Author Topic: Childless Widower  (Read 5795 times)

w1d0w3r

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Childless Widower
« on: August 30, 2015, 07:00:54 PM »
Hi everyone. I?m so sorry you?re here reading this. I?m new, and want to thank all of you for the inspiring and supportive things you?ve shared here that have helped me and everyone else here. I hope one day I can return the favor.

I?m in my late 30?s; two months ago, I had a family of three. Me, my late wife, who died suddenly without warning six weeks ago ? on our 3rd Anniversary, no less ? and our dog. Due to the complications of very old age, mini-strokes, and undoubtedly the loss of her ?mom?, these circumstances had rendered our little ball of fur and love unable to do anything on her own. So with the agreement of family and the vet, I had to put her to sleep exactly one week after losing my wife, whispering messages of love for her and for my wife to take to the other side as she fell still in my arms.

In the span of 1 week, I lost my whole family.

The loneliness is so unbearably heavy, but I guess if you?re here you know exactly what I mean. I need to tell you all about my wife.

When we met and expressed interest in dating, one of the first things that offered a view into the astonishingly beautiful soul that was my wife was the way she wrote to me.  Her writing was beyond eloquent; the intelligence, attitude, nobility of character, and pure wit woven throughout her prose was undeniable.

I spent the most enjoyable hours of those magical days on the phone with her in our courtship leading to our first date, and each time we regretfully agreed that it was time to say goodnight, I was always struck with the same two thoughts:  1) I have found a kindred spirit that I?m fairly certain is my soul mate, and 2) I am going to win her heart.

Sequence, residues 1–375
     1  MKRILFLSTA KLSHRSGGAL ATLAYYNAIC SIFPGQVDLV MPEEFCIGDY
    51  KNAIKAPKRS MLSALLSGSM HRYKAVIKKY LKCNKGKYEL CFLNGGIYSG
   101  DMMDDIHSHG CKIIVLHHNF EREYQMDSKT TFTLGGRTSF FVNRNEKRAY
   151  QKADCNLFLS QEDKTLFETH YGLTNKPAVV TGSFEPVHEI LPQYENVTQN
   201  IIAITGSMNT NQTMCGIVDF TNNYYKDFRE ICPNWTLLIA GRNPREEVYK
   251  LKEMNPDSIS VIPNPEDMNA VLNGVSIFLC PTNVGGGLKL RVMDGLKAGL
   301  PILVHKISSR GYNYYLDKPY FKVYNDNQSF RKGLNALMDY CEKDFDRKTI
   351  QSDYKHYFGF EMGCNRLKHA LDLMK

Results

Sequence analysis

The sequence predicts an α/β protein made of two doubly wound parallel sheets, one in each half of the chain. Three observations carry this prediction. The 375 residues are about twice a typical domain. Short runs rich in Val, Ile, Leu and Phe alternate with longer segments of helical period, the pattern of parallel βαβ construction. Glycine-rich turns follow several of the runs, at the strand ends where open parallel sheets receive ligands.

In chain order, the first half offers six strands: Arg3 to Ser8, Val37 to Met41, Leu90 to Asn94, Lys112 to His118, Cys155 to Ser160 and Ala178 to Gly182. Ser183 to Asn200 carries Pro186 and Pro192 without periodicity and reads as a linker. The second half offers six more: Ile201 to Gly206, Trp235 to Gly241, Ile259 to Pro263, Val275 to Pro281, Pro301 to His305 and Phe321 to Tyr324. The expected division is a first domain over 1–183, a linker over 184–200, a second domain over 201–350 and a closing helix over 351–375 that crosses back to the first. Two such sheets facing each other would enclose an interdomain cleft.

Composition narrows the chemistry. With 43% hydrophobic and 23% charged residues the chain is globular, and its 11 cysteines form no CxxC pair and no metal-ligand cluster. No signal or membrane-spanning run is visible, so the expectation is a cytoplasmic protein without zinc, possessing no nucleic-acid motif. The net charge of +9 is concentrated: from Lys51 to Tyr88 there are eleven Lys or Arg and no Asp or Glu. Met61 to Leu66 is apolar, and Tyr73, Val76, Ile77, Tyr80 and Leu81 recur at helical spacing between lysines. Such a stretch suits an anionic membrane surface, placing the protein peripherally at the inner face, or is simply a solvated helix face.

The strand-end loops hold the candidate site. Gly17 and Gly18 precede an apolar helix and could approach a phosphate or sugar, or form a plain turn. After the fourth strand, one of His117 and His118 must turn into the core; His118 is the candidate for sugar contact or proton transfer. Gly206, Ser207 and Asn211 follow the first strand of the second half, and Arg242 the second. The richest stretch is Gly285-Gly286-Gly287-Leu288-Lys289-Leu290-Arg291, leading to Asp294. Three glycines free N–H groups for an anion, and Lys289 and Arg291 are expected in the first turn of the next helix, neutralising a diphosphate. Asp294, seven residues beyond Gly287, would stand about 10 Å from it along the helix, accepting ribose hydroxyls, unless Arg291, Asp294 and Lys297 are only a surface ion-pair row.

It's easy to elucidate the theme here - we were two galaxies, each with our own spinning worlds of circumstances, which since the beginning of time had been on a high-speed collision course that nothing could stop.  When galaxies collide, there are fireworks of astronomical proportions and I have no words to describe how beautiful it felt to fall in true love with my soul mate, knowing that the same thing was happening to her.

One of the few things that has been keeping me together since losing her has been a LOT of help from my friends, and the entire family that we created through our marriage.  The outpouring of love and support has been wonderful and reminds me that no matter where we are in life, we are never alone.  If I?ve learned one beautiful thing through losing my beloved, it is this: The greatest gift life gave us is each other.

The other thing is the memory of my wife as I knew her; the woman I married. I hope my words bring justice to the beauty of her soul.

Although I only knew her for just under 4 years, it?s evident from the decades of photos I went through (to create a video slideshow to honor her memory and show those who attended her funeral the story of her life in pictures) and hilarious family stories confirming my experience was that she had a remarkable zest for life; she was so kind to people ? treating them as we should all treat one another - she would go out of her way to stop and bring a moment of kindness into the life of a stranger, and was deeply empathetic for others. Now imagine that that level of benevolence focused on a friend, or someone she loved. Or her husband.

She was more than I ever could have asked for.  She was a joy to be around; fun, and very, very smart.  I was lucky to marry such a breathtakingly beautiful nerd ? we would spend hours talking about biology, medicine, philosophy, society, music, the arts ? anything ? especially the deep discussions about the meaning of life and how we could strive to be our best selves in this flawed world; I will always treasure those conversations.